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Self-Assessment Questions


Answer 1
  1. Peripheral nerves. This patient has an acute sensory-motor syndrome affecting the legs and arms, with a distal predominance. Reflexes are diffusely absent, with loss of vibration in a stocking pattern. The presence of areflexia and a distally predominant sensorimotor deficit suggests a diffuse large-fiber polyneuropathy of motor and sensory nerves. The patient has no ataxia or nystagmus suggesting a cerebellar disorder. The presence of sensory symptoms and distally predominant weakness argue against a disorder of the neuromuscular junction or muscle. A spinal cord disorder would be expected to produce a sensory deficit to pain and temperature below a segmental spinal level and upper motor neurons signs (eg, hyperreflexia, Babinski’s sign).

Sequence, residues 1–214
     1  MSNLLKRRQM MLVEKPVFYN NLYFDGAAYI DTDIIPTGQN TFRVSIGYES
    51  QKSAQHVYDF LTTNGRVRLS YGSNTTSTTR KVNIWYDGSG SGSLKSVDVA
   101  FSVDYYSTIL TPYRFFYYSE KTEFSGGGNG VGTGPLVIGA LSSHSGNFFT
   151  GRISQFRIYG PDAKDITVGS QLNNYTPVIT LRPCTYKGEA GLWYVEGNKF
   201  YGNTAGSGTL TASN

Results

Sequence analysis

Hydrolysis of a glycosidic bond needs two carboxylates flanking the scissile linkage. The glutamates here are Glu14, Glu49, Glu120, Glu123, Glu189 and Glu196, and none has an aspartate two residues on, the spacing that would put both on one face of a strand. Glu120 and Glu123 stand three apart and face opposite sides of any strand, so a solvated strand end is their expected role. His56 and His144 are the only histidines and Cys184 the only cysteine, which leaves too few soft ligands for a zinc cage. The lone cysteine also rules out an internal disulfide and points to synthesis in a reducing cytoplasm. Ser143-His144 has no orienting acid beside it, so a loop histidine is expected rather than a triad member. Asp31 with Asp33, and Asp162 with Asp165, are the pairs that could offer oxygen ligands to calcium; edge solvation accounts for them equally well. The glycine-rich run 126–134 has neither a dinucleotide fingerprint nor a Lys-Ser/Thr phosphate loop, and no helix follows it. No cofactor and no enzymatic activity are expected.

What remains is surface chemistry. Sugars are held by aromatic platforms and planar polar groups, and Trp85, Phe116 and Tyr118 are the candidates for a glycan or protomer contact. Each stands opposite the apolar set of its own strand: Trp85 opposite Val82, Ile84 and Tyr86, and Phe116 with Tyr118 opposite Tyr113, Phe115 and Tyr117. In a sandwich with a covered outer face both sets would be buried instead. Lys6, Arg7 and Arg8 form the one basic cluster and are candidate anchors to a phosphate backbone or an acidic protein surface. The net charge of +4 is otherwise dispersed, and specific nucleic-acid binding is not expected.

Pascuzzi RM, Fleck JD. Acute peripheral neuropathy in adults. Guillain-Barré syndrome and related disorders. Neurol Clin 1997;15:529-47.

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